Here's a (totally made up) video made using the setup above, except that instead of the Lav mic I'm using the iPhone internal mic – so with some minor editing, this is basically straight off a phone:
If you want to bump things up a bit and don't mind learning how to use new things (or just like buying stuff) then I'd suggest getting:
- Canon 70d or Canon 80d;
- Inca Tripod (Manfrotto are better, but don't look at the price – just hand over your credit card and stab in the PIN)
- Rode VideoMic Pro if you have a large room, or Rode Film-maker Kit if you're concerned about echo (hot tip – the closer a microphone is to your mouth, the less echo you'll get in your recording)
- Adobe Premiere Pro for editing and production.
Here's an example video recorded on the 70d, a better tripod, the Rode Film-Maker Kit and edited with Adobe Premiere Pro
Where Should you Put your Firm's Videos Once You've Made Them?
Once you have a video, you need to upload it somewhere so that people can find it, and watch it.
Do not, under any circumstances, upload your video directly to your website unless it is specifically designed to host videos.
The most likely candidate is YouTube. YouTube is the second largest search engine after Google, and is the natural place to put videos you want people to find. Of course you'll need to have a YouTube channel, but that's not too hard to set up.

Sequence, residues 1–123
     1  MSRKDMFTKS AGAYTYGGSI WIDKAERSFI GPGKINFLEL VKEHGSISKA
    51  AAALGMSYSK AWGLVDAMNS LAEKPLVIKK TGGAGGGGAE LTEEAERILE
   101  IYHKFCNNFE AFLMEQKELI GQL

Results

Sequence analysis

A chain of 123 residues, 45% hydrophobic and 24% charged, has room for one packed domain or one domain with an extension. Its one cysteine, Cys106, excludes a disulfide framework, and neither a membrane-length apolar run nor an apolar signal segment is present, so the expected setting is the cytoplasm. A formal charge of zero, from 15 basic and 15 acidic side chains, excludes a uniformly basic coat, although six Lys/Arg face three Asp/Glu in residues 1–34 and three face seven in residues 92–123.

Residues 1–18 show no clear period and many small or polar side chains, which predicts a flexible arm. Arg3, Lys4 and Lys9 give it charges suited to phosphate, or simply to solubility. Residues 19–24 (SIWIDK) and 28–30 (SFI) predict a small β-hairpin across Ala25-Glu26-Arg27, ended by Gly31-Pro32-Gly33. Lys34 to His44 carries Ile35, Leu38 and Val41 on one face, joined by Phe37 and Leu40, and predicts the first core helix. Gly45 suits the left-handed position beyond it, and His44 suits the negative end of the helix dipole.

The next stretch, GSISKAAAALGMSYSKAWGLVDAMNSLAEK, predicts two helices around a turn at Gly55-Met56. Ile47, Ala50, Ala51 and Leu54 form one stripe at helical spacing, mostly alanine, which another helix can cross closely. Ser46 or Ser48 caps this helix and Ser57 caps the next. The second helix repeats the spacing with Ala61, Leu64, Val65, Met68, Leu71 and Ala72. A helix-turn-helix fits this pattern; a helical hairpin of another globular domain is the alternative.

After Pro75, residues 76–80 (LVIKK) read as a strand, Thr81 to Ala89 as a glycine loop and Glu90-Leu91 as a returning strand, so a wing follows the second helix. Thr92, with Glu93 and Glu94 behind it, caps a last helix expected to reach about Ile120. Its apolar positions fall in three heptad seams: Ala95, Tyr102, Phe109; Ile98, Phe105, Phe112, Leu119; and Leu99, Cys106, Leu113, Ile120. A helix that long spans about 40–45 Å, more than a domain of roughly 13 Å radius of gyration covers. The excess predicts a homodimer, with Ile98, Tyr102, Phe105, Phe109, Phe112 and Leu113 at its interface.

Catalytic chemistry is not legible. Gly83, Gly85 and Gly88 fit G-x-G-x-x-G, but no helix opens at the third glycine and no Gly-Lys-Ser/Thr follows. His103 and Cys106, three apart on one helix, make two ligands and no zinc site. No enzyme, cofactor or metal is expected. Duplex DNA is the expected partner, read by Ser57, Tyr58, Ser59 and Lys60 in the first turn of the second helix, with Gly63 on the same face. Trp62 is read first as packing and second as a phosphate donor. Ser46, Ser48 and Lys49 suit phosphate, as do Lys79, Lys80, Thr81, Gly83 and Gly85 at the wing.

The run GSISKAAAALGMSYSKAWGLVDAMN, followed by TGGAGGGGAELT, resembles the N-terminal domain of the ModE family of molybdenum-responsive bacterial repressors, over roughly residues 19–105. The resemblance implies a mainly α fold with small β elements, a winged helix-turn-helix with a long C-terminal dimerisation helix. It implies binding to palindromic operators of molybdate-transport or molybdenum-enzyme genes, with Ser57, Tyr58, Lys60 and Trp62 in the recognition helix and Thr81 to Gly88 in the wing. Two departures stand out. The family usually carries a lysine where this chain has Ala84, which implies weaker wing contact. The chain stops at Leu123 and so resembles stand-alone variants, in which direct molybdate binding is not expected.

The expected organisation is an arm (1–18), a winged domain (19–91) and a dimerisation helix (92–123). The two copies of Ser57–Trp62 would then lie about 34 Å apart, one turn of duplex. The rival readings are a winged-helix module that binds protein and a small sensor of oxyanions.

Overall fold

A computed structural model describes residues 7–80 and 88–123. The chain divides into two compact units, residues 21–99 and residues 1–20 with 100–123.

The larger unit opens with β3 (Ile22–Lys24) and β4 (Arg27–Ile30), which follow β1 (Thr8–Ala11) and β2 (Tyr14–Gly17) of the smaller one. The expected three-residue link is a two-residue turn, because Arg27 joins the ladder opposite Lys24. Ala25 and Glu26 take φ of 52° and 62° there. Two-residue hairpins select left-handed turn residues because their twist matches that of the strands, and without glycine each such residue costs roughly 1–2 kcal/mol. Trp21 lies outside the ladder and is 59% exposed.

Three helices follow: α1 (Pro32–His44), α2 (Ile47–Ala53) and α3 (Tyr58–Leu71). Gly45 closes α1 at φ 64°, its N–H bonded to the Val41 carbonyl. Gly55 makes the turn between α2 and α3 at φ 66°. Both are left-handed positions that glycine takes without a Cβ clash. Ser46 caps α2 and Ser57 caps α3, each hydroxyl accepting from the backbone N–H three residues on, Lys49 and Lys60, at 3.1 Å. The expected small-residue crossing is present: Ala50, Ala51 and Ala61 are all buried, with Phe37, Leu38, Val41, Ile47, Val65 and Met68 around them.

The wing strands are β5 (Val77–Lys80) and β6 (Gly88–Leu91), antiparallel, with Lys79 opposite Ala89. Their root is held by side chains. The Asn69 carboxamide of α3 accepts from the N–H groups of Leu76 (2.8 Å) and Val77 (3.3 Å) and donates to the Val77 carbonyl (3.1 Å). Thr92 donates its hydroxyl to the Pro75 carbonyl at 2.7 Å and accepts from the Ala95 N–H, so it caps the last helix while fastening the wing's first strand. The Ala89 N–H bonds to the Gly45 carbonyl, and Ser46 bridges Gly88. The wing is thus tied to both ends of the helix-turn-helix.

You can then embed your video on your website or share it on social media. Of course if you have set up your law firm's email marketing then you can also email your list with your latest videos as they come out.
Generally speaking I'd consider:
- uploading to YouTube;
- uploading natively to Facebook;
- putting into a blog post on your site;
- sharing the YouTube link on LinkedIn and Twitter; and
- If it's less than 59 seconds, sharing on Instagram.
If you want more control and privacy options for your video, then check out Vimeo or Wistia. Both are professional grade video hosts and offer a lot of power if you want to develop videos that are protected from public view.
But other than that: just stick with YouTube.
Video Marketing for Lawyers – Getting Started
Try this one for size if you're getting in to video marketing and just want a quick “what should I do”:
- Get the gear you need – play around with it for a couple of days until you're comfortable with the basics involved;
- Generate 10 topics using the methods I've described above;
- Sit down for 2 hours and record all 10 videos in one sitting – just do it;
- Look at your first video or two and then delete them (they'll be bad – trust me);
- Edit the remaining 8 or 9 and export them using the appropriate settings in your software;
- Pick a day of the week – upload one video to YouTube on that day each week for the next couple of months, and share away;
- Monitor feedback, engage with comments, and take suggestions on board.
The biggest thing? Stop freaking out and just do it. You'll get better, I promise. Video marketing for lawyers is a powerful content marketing strategy, and if you apply yourself to learning the ropes can give you a lot of high quality content very quickly.
Does your law firm do video marketing or are you about to start after reading this? Share your links below and we can take a look!
Good luck – I look forward to hearing your success.